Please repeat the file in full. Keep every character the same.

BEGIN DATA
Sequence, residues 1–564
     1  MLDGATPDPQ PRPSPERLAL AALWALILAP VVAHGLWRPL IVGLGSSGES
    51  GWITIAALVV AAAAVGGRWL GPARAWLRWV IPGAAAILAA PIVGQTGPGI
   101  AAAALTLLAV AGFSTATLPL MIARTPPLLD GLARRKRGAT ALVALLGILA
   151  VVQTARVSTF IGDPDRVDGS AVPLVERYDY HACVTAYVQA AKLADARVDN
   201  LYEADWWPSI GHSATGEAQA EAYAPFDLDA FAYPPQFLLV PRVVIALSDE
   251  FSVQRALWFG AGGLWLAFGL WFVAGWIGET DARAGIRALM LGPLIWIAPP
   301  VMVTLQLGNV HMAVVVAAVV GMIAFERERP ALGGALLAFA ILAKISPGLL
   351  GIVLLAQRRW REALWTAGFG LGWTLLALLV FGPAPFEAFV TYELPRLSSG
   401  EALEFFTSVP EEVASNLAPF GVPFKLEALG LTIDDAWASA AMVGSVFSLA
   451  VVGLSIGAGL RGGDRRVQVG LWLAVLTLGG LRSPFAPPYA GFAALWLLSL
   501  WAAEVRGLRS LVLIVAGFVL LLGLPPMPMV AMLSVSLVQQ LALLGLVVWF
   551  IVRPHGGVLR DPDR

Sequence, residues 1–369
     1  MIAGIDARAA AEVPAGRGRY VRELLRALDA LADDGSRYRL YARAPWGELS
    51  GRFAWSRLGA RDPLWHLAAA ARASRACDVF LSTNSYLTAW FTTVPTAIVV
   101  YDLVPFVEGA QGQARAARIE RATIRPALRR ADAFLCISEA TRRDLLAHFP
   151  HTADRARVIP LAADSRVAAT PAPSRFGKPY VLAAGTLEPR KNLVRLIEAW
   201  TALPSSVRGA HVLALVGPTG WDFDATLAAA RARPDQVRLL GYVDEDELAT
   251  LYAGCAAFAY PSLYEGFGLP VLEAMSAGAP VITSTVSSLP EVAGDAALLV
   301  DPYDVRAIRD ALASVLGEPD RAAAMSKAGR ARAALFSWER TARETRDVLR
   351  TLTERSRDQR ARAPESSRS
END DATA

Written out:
Sequence, residues 1–564
     1  MLDGATPDPQ PRPSPERLAL AALWALILAP VVAHGLWRPL IVGLGSSGES
    51  GWITIAALVV AAAAVGGRWL GPARAWLRWV IPGAAAILAA PIVGQTGPGI
   101  AAAALTLLAV AGFSTATLPL MIARTPPLLD GLARRKRGAT ALVALLGILA
   151  VVQTARVSTF IGDPDRVDGS AVPLVERYDY HACVTAYVQA AKLADARVDN
   201  LYEADWWPSI GHSATGEAQA EAYAPFDLDA FAYPPQFLLV PRVVIALSDE
   251  FSVQRALWFG AGGLWLAFGL WFVAGWIGET DARAGIRALM LGPLIWIAPP
   301  VMVTLQLGNV HMAVVVAAVV GMIAFERERP ALGGALLAFA ILAKISPGLL
   351  GIVLLAQRRW REALWTAGFG LGWTLLALLV FGPAPFEAFV TYELPRLSSG
   401  EALEFFTSVP EEVASNLAPF GVPFKLEALG LTIDDAWASA AMVGSVFSLA
   451  VVGLSIGAGL RGGDRRVQVG LWLAVLTLGG LRSPFAPPYA GFAALWLLSL
   501  WAAEVRGLRS LVLIVAGFVL LLGLPPMPMV AMLSVSLVQQ LALLGLVVWF
   551  IVRPHGGVLR DPDR

Sequence, residues 1–369
     1  MIAGIDARAA AEVPAGRGRY VRELLRALDA LADDGSRYRL YARAPWGELS
    51  GRFAWSRLGA RDPLWHLAAA ARASRACDVF LSTNSYLTAW FTTVPTAIVV
   101  YDLVPFVEGA QGQARAARIE RATIRPALRR ADAFLCISEA TRRDLLAHFP
   151  HTADRARVIP LAADSRVAAT PAPSRFGKPY VLAAGTLEPR KNLVRLIEAW
   201  TALPSSVRGA HVLALVGPTG WDFDATLAAA RARPDQVRLL GYVDEDELAT
   251  LYAGCAAFAY PSLYEGFGLP VLEAMSAGAP VITSTVSSLP EVAGDAALLV
   301  DPYDVRAIRD ALASVLGEPD RAAAMSKAGR ARAALFSWER TARETRDVLR
   351  TLTERSRDQR ARAPESSRS